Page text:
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Still much afflicted with the Rheumatism attended this day the usual time at the Hall, a great part of this day was taken up with light debates chiefly conducted by the lawyers on both sides, and the Object seemed to be the encreasing the powers of Chancery, Mr. Read a Man of Obstructed Elocution was excessively tedious. Elsworth
has Credit with me, I know not however whether it be the Effect of Judgt. Whim or Caprice, but he is generally for limiting the Chancery powers. Mr. Morris and myself differed in every Vote this day. We always have differed on the Subject of Chancery. This day I got Copies of the 3 Bills for the great departments.[1
] Besides being calculated on a Scale of great Expence. Two Grand Objections offer themselves on these bills— the lessining the power of the Senate, taking away from them any Vote in the removal of Officers, and the power of advising and consenting, in one Case of the first Consequence. and the other the placing the President above business and beyond the power of responsibility—
putting into the hands of his officers the duties required of him by the Constitution, Indeed these appear to me to have been the moving Reasons for bringing forward the bill at all. nor do I see the necessity of having made this business a Subject of legislation. the point of View in which it presented itself to me was. That the President should signify to the Senate. his desire of appointing a Minister of foreign affairs, and nominate the Man and so of the other necessary departments. if the Senate agreed to the necessity of the office and the Man they would concur, if not, they would negative. & ca. the House would get the Business before them when Salaries came to be appointed, and could then, give their Opinion by providing for the officer or not. I see this mode might be abused. But for the House of Representatives, by a side Wind, to exalt the President above the Constitution and depress the Senate below it, is. but I will leave it without a name. they know the Veneration entertained for General Washington. and believe the People will be ready to Join, in the Cry against the Senate. in his favour, when they endeavour to make him a party. they think they have fast hold of Us. and that we dare not, refuse our Assent to these bills, & so several of them have not failed to declare.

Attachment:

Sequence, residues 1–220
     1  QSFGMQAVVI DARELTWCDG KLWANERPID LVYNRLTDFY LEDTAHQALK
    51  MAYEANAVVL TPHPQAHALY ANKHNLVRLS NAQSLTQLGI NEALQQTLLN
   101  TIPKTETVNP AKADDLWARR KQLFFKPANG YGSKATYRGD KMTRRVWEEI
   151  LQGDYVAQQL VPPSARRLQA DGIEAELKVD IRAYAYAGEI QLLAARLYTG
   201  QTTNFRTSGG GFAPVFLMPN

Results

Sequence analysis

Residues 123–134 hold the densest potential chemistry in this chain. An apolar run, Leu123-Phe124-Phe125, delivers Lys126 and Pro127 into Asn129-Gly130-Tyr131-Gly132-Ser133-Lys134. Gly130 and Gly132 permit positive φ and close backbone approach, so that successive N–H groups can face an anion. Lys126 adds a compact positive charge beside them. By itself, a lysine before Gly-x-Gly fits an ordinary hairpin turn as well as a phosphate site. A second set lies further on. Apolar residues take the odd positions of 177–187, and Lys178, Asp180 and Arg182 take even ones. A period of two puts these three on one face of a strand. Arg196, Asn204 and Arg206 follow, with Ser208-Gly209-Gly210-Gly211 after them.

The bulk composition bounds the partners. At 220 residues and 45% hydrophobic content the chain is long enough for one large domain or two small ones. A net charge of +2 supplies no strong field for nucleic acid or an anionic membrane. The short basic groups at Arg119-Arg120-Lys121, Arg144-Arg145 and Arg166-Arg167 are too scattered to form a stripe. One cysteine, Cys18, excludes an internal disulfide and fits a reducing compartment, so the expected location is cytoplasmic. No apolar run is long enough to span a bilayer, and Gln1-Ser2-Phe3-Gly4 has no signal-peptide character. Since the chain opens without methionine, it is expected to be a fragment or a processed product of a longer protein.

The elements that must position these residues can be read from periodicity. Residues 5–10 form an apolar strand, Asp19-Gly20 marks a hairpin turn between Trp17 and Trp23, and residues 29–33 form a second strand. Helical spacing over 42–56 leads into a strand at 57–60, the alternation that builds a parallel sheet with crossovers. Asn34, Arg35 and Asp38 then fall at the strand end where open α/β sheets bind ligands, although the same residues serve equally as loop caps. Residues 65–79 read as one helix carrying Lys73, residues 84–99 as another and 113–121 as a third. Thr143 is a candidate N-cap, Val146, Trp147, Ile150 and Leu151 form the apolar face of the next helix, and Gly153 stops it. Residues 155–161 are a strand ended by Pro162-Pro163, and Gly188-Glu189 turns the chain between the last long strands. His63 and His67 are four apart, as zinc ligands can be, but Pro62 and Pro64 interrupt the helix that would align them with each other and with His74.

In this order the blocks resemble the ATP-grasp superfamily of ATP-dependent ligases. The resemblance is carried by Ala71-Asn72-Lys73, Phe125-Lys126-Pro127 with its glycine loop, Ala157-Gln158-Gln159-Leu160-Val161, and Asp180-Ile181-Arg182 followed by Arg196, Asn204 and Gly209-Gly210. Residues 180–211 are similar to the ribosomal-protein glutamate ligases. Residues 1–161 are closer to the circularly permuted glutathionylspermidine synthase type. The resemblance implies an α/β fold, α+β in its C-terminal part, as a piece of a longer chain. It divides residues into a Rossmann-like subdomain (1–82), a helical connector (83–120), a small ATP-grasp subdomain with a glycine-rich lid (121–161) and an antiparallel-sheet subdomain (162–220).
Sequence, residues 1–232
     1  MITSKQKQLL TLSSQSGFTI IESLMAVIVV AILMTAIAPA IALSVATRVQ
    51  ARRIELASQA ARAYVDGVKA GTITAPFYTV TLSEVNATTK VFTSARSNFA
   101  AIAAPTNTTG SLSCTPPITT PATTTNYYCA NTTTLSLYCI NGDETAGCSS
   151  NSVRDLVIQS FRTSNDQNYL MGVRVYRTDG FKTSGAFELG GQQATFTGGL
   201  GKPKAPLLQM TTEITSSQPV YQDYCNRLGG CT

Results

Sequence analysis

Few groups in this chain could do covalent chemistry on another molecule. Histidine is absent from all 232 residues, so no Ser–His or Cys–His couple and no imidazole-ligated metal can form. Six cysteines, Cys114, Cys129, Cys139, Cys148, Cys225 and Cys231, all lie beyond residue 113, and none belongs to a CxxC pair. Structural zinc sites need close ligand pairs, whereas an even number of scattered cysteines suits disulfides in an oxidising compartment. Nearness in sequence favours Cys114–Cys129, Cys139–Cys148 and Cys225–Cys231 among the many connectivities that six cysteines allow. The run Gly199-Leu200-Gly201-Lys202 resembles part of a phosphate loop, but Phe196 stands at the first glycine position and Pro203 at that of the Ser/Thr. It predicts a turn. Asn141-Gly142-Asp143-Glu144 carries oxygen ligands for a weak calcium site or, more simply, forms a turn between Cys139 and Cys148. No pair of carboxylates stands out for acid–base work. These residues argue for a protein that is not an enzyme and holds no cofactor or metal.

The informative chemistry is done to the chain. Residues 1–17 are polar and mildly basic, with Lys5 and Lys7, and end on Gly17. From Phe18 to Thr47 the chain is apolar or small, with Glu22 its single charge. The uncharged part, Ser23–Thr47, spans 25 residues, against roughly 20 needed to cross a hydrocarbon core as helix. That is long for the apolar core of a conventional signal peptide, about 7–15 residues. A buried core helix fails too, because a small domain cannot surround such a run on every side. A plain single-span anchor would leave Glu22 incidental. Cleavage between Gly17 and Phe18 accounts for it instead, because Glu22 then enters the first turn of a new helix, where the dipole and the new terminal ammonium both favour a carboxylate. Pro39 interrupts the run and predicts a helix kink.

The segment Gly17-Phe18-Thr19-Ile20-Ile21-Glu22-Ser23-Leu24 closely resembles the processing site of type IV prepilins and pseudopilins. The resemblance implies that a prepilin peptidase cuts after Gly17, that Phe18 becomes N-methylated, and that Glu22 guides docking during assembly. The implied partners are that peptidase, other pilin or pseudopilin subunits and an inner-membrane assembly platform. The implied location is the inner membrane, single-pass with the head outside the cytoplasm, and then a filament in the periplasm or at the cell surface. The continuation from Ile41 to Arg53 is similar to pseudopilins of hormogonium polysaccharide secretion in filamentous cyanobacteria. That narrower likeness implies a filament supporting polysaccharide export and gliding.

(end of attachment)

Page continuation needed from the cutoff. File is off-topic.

Documentary History of the First Federal Congress of the United States of America,
ed. Charlene Bickford, et al.
(Columbia, S.C.: Model Editions Partnership, 1999).
Electronic version based on the
Documentary History of the First Federal Congress of the United States of America
(Baltimore, Md.: The Johns Hopkins Press, 1988) Vol. 9, pp. 104-117; 134-135; 445-449; 465-467; 483-489. On the Web at http://mep.blackmesatech.com/mep/ [Accessed 25 October 2017]